To answer these and related questions, BOC has developed PANDA, (Production and Distribution Analysis). This is an LP-based model of BOC's production and distribution system. Because its primary focus is to support investment decisions, it works with average demands and is concerned only with distribution in bulk tankers. To keep matters simple, demand is aggregated into tanker loads and tankers are assumed to make straightforward out-and-return trips. The outcome from a run is a pattern of production and distribution rather than detailed logistics. BOC has separate systems for day-to-day activities including vehicle routing.

The PANDA Model

The main decision variables in the PANDA model are how much production there should be at each ASU and how the quantities of products not required by tonnage customers should be distributed. In principle, demands will be met from the nearest plant with spare production of that gas. In practice, matters are complicated by the varying efficiency of the plants. More modern ASUs are more efficient and so it can make sense to produce extra gas at such plants and incur greater distribution costs.

Although much of the production and distribution system can be represented faithfully by Linear Programming, there are some important exceptions. An ASU may consist of multiple columns (the main component, where the fractional distillation takes place), each of which is either on or off. If a column is on, there is some flexibility in flow rate and also some in the proportions of gases produced; typically these are expressed as operating modes, e.g. maximum argon mode; maximum oxygen mode. Of course, it is always possible to vary the proportions more by venting unwanted products to the air, but this is obviously wasteful.

Another series of decisions concerns the liquefiers. At one extreme a plant may have individual liquefiers for each gas, while at the other extreme nitrogen may be the only gas with a liquefier. In the latter case the other gases are liquefied in a heat exchanger which vaporises liquid nitrogen or other tonnage gases. Liquefiers are similar to fractionation columns in being either on or off, but they do not give rise to integer decisions in the same way. This is because it is practicable to run the liquefiers in "campaigns", running them for some days and then turning them off. The effort and costs associated with starting up a fractionation column make it undesirable to run them in campaigns.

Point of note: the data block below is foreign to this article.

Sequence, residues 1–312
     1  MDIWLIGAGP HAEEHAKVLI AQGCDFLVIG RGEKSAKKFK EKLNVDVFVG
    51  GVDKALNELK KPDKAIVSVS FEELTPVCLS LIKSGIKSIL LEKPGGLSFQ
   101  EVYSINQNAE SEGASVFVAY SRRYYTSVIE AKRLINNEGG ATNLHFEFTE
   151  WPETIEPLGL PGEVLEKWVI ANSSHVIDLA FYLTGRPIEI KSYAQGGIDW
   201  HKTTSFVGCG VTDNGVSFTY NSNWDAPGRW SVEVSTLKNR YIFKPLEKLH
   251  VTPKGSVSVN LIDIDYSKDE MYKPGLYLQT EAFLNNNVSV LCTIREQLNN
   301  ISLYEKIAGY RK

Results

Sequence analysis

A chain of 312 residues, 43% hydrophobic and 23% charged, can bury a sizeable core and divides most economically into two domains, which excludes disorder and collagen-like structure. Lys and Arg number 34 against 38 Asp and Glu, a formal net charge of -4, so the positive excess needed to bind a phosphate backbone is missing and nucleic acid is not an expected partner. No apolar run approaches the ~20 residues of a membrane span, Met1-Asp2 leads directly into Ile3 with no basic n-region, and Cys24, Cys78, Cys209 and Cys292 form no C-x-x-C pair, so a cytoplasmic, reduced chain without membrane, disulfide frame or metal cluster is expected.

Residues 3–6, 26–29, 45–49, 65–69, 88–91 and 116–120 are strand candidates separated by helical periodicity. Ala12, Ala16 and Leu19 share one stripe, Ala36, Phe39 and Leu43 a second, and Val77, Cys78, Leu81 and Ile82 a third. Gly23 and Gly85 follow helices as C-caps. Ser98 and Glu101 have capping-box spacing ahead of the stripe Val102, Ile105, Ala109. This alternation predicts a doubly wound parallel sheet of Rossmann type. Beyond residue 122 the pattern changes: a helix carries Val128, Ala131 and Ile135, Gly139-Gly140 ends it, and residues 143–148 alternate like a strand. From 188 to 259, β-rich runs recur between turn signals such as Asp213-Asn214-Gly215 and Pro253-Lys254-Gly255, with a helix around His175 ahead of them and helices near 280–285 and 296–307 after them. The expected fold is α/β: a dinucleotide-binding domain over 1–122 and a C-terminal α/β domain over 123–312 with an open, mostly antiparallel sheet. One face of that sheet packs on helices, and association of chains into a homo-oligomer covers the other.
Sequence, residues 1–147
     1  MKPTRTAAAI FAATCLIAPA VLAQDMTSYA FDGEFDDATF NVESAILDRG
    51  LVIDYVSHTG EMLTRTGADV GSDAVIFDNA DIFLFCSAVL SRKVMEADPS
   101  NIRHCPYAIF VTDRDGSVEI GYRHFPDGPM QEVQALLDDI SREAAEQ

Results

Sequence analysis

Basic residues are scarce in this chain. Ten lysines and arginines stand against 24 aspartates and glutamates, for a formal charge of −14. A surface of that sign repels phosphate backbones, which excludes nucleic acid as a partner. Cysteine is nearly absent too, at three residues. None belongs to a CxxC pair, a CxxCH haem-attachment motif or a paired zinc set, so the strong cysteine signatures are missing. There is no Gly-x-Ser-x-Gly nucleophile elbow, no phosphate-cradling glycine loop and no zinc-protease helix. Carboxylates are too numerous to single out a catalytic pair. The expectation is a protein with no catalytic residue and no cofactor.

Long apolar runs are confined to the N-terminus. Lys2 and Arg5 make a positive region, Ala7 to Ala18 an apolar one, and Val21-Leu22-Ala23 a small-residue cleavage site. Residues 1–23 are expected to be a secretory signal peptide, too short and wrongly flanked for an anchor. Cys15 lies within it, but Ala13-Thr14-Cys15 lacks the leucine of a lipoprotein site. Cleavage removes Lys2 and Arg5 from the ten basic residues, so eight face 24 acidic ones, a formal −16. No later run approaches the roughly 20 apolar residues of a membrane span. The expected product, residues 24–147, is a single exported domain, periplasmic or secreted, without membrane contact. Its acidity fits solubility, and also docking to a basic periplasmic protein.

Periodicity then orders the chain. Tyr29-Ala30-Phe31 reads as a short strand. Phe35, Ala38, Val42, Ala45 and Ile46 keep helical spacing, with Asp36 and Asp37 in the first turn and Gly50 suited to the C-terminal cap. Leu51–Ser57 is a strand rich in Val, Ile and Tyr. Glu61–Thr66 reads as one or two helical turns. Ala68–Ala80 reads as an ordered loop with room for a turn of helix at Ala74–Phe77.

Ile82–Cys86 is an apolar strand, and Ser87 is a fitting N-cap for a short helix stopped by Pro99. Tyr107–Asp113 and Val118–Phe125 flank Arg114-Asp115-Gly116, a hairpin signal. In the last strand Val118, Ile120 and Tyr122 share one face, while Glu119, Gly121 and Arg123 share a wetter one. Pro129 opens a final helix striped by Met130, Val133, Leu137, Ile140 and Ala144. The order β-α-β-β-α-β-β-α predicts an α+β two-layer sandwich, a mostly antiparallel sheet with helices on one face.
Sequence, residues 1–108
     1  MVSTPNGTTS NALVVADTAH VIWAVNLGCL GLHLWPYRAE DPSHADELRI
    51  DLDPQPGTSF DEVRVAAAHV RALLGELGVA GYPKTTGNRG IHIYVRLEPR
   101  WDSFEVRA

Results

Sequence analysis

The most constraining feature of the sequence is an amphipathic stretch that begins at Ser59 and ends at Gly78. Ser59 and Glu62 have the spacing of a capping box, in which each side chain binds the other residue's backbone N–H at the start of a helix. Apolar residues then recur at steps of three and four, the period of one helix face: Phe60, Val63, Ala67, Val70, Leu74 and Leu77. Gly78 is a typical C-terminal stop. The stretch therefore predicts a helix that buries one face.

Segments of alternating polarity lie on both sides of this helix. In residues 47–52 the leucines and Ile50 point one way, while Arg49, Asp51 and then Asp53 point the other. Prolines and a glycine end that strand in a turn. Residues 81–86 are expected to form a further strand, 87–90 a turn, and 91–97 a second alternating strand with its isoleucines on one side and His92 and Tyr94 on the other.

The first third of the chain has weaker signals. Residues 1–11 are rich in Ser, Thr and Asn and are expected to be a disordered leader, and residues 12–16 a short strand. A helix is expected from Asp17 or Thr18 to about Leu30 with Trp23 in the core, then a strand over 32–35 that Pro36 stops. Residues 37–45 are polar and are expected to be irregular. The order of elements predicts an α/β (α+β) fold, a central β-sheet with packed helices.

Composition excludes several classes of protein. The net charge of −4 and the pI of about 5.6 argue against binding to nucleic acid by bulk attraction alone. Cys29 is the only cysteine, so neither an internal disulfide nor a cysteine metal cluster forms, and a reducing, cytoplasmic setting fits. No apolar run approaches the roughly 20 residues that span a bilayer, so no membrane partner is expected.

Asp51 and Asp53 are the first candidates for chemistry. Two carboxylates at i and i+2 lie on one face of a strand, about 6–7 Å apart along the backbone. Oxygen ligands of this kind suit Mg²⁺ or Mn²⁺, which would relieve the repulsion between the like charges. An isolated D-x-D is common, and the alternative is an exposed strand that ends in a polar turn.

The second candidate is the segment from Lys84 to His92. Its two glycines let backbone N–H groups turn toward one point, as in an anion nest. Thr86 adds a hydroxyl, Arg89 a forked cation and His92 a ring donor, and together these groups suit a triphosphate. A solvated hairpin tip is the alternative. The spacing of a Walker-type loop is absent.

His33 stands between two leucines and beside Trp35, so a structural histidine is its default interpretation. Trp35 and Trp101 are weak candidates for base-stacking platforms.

A final area for decision-making lies in the use of electricity. Since privatisation, BOC has bought electricity at a flat rate price. Now this is changing to a block-structured tariff in which the price falls as more electricity is used. Modelling this requires the use of Integer Programming and is implemented using Special Ordered Sets.

Uses of PANDA

PANDA is primarily a tool to support senior management. It provides advice on the problems which they face: deciding where to site a new plant; determining its size; setting the production budget; negotiating large contracts. As such, the model has sophisticated data handling and reporting facilities so that it can be used in extensive "What if?" analyses. New plants can be configured along with changes to existing ones and changes to the demand and to the delivery systems.

The model was built in the mid-1980s when demand for liquid gases was increasing and new technology made it possible to build more efficient liquefiers. It was used to consider where and when to build these liquefiers and what size of liquefier to build.

When a new plant was built in Dublin, PANDA was used to determine its size and model the effects on the existing plants in Belfast and Cork.

More recently a number of large supply contracts in the North of England were up for renewal. These had been supplied by two production sites which were becoming outdated. Many possible solutions were considered and evaluated with PANDA. Eventually it was decided to build a new ASU at the Sheffield site, extend the pipeline system in the Sheffield area and close the other production site.

Finally, PANDA is used in the annual budget cycle to predict the production and distribution patterns. The marketing department estimates the demand for the forthcoming year and PANDA then assesses how that demand should be achieved and the costs involved.